It doesn’t compute The Economists Journal

It doesn’t compute Featured

IN the wake of the shabu controversy at the Bureau of Customs (BoC) and the promotion of Commissioner Lapeña to cabinet rank and the military takeover of the BoC, I can’t help but do a cursory review of the Deegong’s responses on similar cases these past two years — within Customs and other agencies of government.

In August last year, during the watch of Customs Commissioner Nicanor Faeldon, broker/fixer Mark Taguba testified at the Senate blue ribbon committee hearing on the entry of P6.4 billion worth of methamphetamine hydrochloride, or shabu, from China. Taguba linked the Deegong’s son, Paulo “Polong,” son-in-law, Mans Carpio and the then Manila International Port district collector Vincent Philip Maronilla to the smuggling, accusing the latter of being among officials of the bureau taking bribes to facilitate such transactions.

Faeldon was subsequently “taken out” of Customs and appointed deputy administrator of the Office of Civil Defense (OCD). Maronilla was later appointed assistant commissioner at the BoC. I don’t know the whereabouts or the status of Taguba or that of Deegong’s family members. Regarding the latest shabu controversy, there is an ongoing investigation by the NBI, Senate and the House of Representatives and could reveal the extent of the culpability of the former BOC Commissioner Lapeña.

I don’t question the prerogative of the President to promote Lapeña to cabinet rank and to appoint Faeldon and Maronilla to other posts in the bureaucracy. I just don’t think this computes.

Jose Gabriel “Pompei” La Vina was not reappointed as SSS commissioner because of some unexplained anomaly. There was no investigation. After an interval of a few days, he was appointed undersecretary of tourism. La Vina was DU30’s social media consultant when he was a candidate for the presidency. This does not compute.

In May of last year, Duterte fired Dangerous Drugs Board (DDB) chairman Benjamin Reyes for supposedly contradicting the government’s official data on drug addicts in the country.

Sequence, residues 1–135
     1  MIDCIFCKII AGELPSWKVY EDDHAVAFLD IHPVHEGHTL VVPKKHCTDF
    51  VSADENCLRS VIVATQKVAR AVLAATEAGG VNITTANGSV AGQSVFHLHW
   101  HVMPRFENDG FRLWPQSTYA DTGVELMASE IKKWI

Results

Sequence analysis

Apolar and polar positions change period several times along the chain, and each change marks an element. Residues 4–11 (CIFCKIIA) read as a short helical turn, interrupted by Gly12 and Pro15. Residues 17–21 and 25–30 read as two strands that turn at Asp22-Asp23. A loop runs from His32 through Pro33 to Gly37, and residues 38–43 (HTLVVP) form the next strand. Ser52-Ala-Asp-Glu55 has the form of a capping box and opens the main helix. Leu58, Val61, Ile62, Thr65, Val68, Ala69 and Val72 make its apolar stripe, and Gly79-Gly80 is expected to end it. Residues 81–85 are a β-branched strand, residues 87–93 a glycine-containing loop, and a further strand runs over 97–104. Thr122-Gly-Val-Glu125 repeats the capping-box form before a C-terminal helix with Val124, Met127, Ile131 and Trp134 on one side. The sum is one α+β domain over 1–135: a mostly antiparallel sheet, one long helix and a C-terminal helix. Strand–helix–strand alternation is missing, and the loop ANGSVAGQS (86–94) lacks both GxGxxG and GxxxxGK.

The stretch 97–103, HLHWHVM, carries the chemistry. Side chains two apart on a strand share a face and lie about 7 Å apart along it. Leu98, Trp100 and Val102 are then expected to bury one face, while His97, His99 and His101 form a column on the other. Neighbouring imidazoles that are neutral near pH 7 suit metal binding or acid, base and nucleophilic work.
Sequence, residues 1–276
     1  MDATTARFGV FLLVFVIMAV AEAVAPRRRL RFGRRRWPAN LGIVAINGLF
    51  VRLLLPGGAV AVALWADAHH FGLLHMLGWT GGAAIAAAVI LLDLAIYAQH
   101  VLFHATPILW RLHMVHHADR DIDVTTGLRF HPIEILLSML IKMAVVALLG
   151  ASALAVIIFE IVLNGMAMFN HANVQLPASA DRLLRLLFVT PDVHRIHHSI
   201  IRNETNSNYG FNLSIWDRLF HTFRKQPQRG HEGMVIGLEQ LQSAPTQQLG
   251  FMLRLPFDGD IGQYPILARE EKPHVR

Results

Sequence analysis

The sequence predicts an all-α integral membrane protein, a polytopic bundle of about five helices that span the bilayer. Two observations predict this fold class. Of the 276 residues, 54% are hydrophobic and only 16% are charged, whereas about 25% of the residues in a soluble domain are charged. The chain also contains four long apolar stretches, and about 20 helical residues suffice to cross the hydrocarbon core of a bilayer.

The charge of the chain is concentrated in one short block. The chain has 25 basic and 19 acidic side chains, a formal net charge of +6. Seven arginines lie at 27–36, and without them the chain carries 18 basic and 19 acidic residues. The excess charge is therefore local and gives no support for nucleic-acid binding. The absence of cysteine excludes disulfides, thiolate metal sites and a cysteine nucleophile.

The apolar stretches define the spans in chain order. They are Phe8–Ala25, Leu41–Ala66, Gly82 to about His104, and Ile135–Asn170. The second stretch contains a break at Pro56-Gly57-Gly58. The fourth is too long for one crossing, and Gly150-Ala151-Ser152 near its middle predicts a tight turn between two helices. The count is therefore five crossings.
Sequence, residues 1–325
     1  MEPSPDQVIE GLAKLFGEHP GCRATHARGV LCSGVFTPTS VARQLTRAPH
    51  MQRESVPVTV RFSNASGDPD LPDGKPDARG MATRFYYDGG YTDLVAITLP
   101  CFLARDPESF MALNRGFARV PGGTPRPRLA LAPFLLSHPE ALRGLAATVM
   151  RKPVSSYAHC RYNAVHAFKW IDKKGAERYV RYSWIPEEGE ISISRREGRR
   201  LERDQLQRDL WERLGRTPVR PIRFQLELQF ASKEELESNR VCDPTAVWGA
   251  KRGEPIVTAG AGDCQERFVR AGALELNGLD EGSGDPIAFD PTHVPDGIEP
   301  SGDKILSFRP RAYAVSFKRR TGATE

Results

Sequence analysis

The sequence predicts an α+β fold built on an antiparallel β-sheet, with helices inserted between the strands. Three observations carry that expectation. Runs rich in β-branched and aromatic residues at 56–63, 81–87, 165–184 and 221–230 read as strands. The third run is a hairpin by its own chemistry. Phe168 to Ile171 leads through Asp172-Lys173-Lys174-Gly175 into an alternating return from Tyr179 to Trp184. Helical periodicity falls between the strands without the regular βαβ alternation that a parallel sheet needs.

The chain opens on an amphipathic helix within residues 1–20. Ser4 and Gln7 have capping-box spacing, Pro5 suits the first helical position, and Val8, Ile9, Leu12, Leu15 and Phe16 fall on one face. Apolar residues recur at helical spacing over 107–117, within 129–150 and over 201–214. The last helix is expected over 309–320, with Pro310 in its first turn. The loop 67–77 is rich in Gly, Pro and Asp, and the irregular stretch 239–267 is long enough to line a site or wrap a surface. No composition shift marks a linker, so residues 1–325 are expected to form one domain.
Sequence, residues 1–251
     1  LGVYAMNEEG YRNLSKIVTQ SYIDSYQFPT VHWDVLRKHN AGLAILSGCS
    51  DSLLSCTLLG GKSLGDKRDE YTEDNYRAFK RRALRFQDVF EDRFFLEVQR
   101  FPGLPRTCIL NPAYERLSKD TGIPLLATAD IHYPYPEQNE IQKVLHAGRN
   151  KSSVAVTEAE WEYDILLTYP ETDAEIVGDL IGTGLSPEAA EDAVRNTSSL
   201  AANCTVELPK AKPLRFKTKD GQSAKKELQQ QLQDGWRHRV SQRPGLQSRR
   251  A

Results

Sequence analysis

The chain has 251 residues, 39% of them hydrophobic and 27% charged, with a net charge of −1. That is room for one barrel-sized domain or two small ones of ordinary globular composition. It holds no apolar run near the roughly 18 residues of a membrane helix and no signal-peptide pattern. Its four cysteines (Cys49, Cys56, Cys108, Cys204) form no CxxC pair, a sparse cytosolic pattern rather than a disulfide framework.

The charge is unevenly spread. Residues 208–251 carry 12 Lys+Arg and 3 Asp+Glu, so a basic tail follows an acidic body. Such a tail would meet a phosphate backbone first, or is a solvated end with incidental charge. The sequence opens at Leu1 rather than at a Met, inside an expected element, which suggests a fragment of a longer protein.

In April, 2017, he sacked Cabinet undersecretary Maia Chiara Halmen Reina Valdez for overruling National Food Authority Administrator Jason Aquino’s decision to suspend rice importation as it was still harvest season in the Philippines. Valdez denied the allegations.

The President also fired Sugar Regulatory Administration (SRA) chief Anna Rosario Paner for hiring consultants who earn as much as P200,000 monthly.

These selected cases illustrate the varied responses of the President. And there are many more examples where the President acted oftentimes seemingly contradictory to the facts presented. And these are arbitrary — not deserving of a president whom 70 percent of the citizenry support.

Central to the legitimacy of government is the consistency of policies that are applied to the body politic. These policies have to be thought out carefully and must reflect the values of civilized behavior. And the leadership must adhere to these with at least a minimum of fairness with justice overarching these decisions. The President above all, must be the exemplar, subordinating his biases, always with an eye for the greater good.

Thus, his declared policy at the start of his rule needs to be revisited. The cases of former Interior Secretary Ismael ‘Mike’ Sueno and Peter Laviña, head of the National Irrigation Administration (NIA), are a milestone in this regime as these cases were the prime examples of the Duterte Doctrine of the “whiff of corruption.” It states simply that DU30 will “…not tolerate any corruption in his administration and he will dismiss from office any of his men (women) who are tainted even by a ‘whiff of corruption’; and he is ready to sack any public officials even on a basis of false allegations of corruption.” (Inquirer.net, March 30, 2017)